Fewer Immigrants Than Predicted (Denmark)

Fewer immigrants than predicted
The Copenhagen Post
November 30, 2006

Lower immigration rates resulting from stricter policies will force the government to re-evaluate its social welfare reforms

A new study by an independent analysis firm has found that predictions of soaring increases in the percentage of immigrants living in Denmark were a serious over-assessment.

In 2001, the government's commission on social welfare reform forecast that immigrants from non-Western countries would rise to 18 percent of Denmark's population by 2080. At that time, the group made up 5 percent of the population.

Figures from the DREAM analysis institute suggest that the number of immigrants will only rise to 8 percent by 2080.

Lars Haagen Pedersen, DREAM's head researcher, told daily newspaper Information that the new estimates would lead to a change in the predicted effects immigration will have on the nation's economy.

'Considered alone, we can say that the prediction will improve the continuity of financial policy.'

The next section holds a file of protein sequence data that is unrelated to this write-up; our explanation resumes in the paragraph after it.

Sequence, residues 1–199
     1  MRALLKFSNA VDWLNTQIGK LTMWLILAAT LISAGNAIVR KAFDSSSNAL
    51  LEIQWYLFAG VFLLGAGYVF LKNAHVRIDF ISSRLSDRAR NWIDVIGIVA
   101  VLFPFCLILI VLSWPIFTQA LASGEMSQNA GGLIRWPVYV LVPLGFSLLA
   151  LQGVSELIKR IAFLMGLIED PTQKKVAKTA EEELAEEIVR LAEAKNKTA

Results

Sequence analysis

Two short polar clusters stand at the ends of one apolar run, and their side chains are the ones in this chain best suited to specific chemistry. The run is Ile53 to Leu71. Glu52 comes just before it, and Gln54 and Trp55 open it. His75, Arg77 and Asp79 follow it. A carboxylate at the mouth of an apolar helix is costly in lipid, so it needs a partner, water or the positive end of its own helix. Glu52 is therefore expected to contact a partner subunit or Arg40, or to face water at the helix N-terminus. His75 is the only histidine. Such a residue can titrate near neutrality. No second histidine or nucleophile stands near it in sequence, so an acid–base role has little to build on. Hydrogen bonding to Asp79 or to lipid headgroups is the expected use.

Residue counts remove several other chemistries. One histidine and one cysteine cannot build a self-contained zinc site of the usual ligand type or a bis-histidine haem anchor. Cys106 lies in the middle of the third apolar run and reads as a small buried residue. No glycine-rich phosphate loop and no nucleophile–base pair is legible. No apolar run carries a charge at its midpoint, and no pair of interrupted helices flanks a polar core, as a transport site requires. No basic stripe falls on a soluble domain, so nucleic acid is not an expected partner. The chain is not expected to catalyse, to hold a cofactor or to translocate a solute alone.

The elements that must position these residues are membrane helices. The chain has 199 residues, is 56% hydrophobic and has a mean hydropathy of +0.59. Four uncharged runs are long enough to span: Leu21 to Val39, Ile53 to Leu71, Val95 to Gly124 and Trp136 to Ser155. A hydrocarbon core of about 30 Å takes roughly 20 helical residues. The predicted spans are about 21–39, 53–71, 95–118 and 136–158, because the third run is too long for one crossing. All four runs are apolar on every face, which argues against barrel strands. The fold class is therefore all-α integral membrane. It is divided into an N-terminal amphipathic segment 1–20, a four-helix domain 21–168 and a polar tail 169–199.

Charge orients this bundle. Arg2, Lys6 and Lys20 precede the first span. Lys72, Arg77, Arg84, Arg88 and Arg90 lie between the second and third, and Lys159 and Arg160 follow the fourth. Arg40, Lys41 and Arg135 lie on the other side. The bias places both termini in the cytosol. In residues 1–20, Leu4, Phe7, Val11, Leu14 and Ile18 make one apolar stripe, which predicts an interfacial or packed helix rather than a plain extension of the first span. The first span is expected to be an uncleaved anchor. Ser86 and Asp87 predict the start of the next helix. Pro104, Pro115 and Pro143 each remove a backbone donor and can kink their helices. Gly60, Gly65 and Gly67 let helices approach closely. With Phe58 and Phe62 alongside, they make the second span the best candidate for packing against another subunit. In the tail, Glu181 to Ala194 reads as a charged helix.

Pedersen said that the lower immigration figure will result in billions being saved in funding for public aid and necessitate a change in the government's employment policies toward immigrants.

Just last year, Prime Minister Anders Fogh Rasmussen dismissed all of the commission's findings, save one: that one of the greatest challenges for the welfare state was putting immigrants and their Danish-born children to work.

Stricter immigration policies implemented by the current government have cut off the stream of immigrants and asylum seekers flowing to Denmark, according to Pedersen.

'It is first and foremost the immigration legislation passed in May 2002 that's to blame for the falling numbers of asylum seekers and Danish marriages to foreigners.'

Pedersen added that immigrant women are also having fewer children than in the past.

The most recent figures from Statistics Denmark indicate that immigrants and their children make up 8.7 percent of the population, while those from non-Western countries make up 6.1 percent.